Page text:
troupe wants. However, if they do not want seduction and instead want to be branded as more family friendly than there are now different brands within a troupe, making you look disjointed, and may cause some venues to not want to work with you.

This is not to say that any one brand or style of dance is better than the other. The exact opposite can be said about a troupe wanting to be more seductive, and a dancer in that troupe wanting to be more family- friendly. There should be no discrimination within a dance troupe. I am only offering experience from the perspective of someone who started a troupe in a relatively small town in south Texas, where everything is bigger in Texas including the differences in responses we would get from others about our troupe. We would have performance venues think we were strippers, and were not only okay with the idea but wanted it. (Needless to say- we didn’t work with those places). While other venues would only accept us if we were wearing certain, more conservative outfits.

What we did is have one group of dancers that was more engaged with our performances at bars and music events, and another group of dancers more engaged with our family friendly events. We were all part of the same troupe, we just branded ourselves differently for different events based on the nature of the crowd, venue, and performance. Being aware that venues may ask you about branding, and being prepared for an answer is important. If you are in a large city the style may not be as important as it was in Texas, but differentiating yourself from other troupes they might already know will be.

I would recommend picking one person from your troupe who will be the coordinator for your performances. This person (or people) will be responsible for representing your group. So pick somebody with appropriate social skills, who can ask the questions necessary to find out what type of branding is necessary and what the expectations of the venue are. Having that go to person is part of your brand, they are identified as one of you. So it can be completely appropriate to have one go to person for the bars and music event venues, and another for the community-oriented family-friendly events.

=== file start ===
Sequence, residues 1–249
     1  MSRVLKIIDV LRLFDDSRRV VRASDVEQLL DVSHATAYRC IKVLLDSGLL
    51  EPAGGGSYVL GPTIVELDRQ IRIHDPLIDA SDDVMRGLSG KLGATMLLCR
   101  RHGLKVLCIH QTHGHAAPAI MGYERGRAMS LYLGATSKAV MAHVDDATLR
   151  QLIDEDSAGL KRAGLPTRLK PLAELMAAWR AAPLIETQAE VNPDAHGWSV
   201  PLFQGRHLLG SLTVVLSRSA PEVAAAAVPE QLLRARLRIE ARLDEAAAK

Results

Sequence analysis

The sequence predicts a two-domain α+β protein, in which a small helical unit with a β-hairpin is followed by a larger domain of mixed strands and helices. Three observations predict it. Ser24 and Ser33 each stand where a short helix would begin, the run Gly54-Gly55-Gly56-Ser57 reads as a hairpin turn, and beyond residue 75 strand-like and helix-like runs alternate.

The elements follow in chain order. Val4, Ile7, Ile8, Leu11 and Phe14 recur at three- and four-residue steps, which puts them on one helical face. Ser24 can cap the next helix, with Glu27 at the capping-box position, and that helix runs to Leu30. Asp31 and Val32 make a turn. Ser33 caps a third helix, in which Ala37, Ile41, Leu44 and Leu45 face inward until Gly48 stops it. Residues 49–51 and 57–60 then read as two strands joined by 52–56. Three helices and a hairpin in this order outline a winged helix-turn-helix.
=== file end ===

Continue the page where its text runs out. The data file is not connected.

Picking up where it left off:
This is what we did and it worked well in part because it took the burden of being the single contact person off of one individual. However, once a venue has made a connection with a member of your troupe, I would not recommend changing this person often. As once venues gets to know a group, if they constantly are interacting with different people within the group they can get confused. They will want one person who is their go to person, so they know who to call.


Places to perform:

Whew! What a lot of work so far! But now that we’ve made it this far we’re finally ready to start talking about WHERE you’re going to perform! Finding venues is a simple matter of networking. Find local bars in your area that have local musicians come and perform. Look for community events, horse races, talent shows, campus-wide student activity events, or anything that you can think of really. The chances to perform are practically endless!

Once you have identified a list of potential places to perform. Spend some time preparing before you pitch to them. Know what dates you can perform on, how long you can perform, what your set list will be, if you will be open to recurring events or not, if you will be asking for tips or not, etc. These will be standard questions asked when starting to work with a performance venue. Just know that not every place that you may want to perform at will be a good fit for you. Be prepared to talk to 5 places, and even if 4 say no and one says yes, this means that you have your first performance venue for your very first dance performance as a troupe!


Drive and Passion:

There can be many logistical issues with starting a dance troupe, but if you have the energy, drive, and passion, there is no reason you can’t start your very own dance troupe. Even if you have 100 hurdles between you starting your troupe, and fail 99 times, just remember what Thomas Edison said: “I have not failed. I’ve just found 10,000 ways that won’t work.” Combine his resilience and the “Just keep swimming” attitude of Dory and you’ll have the winning combination of characteristics necessary to start a dance troupe.